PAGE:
Edited 2007-04-29 20:28

Reply Score: 3

Struggle for the desktop dominance
by Angryanderson on Mon 30th Apr 2007 09:30 UTC
Angryanderson
Member since:
2005-07-11

Here we see a Linux. This Linux is engaged in a life or death struggle with the Windows. You can see the Linux creeping up on the Windows on all sixes. With great skill he chooses his moment and then, quick as a limpet, with one mighty bound buries his fangs in the Windows' neck. The Windows struggles to no avail. A battle of this kind can take anything up to fifteen years because the Ubuntu Linux has such a tiny mouth.

http://www.youtube.com/watch?v=9OHK8iLewLg

Reply Score: 1

Linux on the Desktop = Slow News Day
by google_ninja on Mon 30th Apr 2007 15:03 UTC
google_ninja
Member since:
2006-02-05

I really love linux (Just finished downloading the suse 10.2 dvd), but if linux ever becomes usable for the average person, it will lose everything that makes it great.

To be ready for the average person, accross the board OSS projects need to stop putting the technology first, and put emphasis on the ui, because an unusable UI for the average person is an usable program.

They need to start forcing developers to fix bugs they don't want to fix, instead of writing what they want to write. As most developers do this as a hobby, and very few people want to do boring things in their free time, this means a transistion needs to be made to paying developers. To pay developers, projects need an income stream, and the most obvious solution is to charge for their product.

There needs to be a push accross the board to stop making commandline interfaces. Even though linux has the best commandline interface on the planet, the average user will resent being forced to use it. GUI all the way, for everything.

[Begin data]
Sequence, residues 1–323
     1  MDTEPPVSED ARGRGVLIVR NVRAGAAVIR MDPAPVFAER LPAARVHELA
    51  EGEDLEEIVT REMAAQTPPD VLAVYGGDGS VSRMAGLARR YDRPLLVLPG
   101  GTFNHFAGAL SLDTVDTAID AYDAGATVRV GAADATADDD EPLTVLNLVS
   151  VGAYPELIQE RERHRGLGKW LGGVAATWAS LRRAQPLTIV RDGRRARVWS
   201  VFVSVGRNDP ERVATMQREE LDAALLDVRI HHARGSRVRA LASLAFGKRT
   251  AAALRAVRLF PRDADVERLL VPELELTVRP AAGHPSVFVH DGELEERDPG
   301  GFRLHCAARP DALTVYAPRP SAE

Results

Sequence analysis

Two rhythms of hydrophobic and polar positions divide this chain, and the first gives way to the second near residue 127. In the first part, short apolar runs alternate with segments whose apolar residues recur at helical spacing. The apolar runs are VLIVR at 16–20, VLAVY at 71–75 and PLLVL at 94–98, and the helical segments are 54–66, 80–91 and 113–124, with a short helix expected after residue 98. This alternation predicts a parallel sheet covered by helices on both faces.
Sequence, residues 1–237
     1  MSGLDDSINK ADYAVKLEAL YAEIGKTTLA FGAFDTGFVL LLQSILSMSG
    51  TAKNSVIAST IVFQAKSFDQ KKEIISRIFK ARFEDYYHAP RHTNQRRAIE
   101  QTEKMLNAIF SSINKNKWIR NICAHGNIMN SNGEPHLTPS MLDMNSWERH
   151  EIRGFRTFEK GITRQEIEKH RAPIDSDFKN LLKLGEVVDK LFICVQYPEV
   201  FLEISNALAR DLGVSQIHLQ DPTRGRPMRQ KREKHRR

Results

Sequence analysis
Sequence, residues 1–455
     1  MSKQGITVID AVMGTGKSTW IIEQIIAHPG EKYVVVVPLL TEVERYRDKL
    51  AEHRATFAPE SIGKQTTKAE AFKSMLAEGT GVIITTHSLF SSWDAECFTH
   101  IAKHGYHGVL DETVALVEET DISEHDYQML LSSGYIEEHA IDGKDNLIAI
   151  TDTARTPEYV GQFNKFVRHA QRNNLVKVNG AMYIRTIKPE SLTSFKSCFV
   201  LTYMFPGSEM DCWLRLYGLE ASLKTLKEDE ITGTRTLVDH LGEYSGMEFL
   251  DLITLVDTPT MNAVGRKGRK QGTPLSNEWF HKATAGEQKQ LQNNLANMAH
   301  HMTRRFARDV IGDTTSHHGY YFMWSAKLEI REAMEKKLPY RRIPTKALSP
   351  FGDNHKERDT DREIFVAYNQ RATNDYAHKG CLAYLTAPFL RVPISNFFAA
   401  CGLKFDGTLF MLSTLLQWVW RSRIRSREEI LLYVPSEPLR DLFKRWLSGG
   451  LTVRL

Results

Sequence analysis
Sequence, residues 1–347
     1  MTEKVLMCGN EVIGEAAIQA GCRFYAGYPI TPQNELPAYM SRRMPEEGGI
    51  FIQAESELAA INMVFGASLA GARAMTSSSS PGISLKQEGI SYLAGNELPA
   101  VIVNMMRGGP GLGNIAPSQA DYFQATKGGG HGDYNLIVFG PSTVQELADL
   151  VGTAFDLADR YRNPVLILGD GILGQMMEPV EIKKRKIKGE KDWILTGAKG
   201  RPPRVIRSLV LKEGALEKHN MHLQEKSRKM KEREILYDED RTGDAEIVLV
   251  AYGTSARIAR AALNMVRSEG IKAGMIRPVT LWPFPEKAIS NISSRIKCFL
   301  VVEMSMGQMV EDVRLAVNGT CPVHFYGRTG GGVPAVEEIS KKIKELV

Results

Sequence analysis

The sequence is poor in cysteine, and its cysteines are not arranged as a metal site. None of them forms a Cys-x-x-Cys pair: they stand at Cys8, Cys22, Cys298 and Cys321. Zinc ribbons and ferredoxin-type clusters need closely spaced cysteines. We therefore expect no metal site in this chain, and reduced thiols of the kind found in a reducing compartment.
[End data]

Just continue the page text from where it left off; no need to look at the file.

Every project must have GUI configurations for everything that needs to be configured, and there needs to be an attitude that if it cant be done from the gui, it cant be done.

The kernel needs to stop evolving so quickly, and provide stable ABIs, so as to give hardware vendors the (practical) ability to support the os.

...do i need to go on?

Not only is forcing these things on everyone an impossibility, but even if it were possible, it would completely and totally change the atmosphere of the OSS world. Not only that, but everything I've mentioned are complete non-issues for geeks, who the whole thing is done for in the first place!

IMHO, operating should stop trying to be everything to everyone, and start focusing on their strengths. Linux should be dominating the server room, be on every geeks desktop, and be on workstations where cost is the biggest factor. Macs should be in every home, but should be non-exisistant in the office (except in the creative sectors). And windows should be on office desktops, and only in the server room where it comes to things like domain controllers or groupware servers.

This scenario would provide a much more balanced eco-system, virus/worm writers would have much less incentive if one exploit didnt hit 90% of the worlds computers (which would, by the way, happen if ubuntu ever dominated the world). It would allow for operating systems to focus on their strengths, and provide a better experience for their constituant users, and it would foster a healthy amount of both competition and inter-operability, which is good for everyone. Everyone complains about how microsoft doesnt integrate well into mixed environments, but why should it? How is that in its interest in the slightest? However, if there were serious competition in the business space, and the choice was partial MS or no MS, they would choose partial every time.

Anyways, all that to say that linux is painfully obviously not ready for the desktop, and hopefully never will be.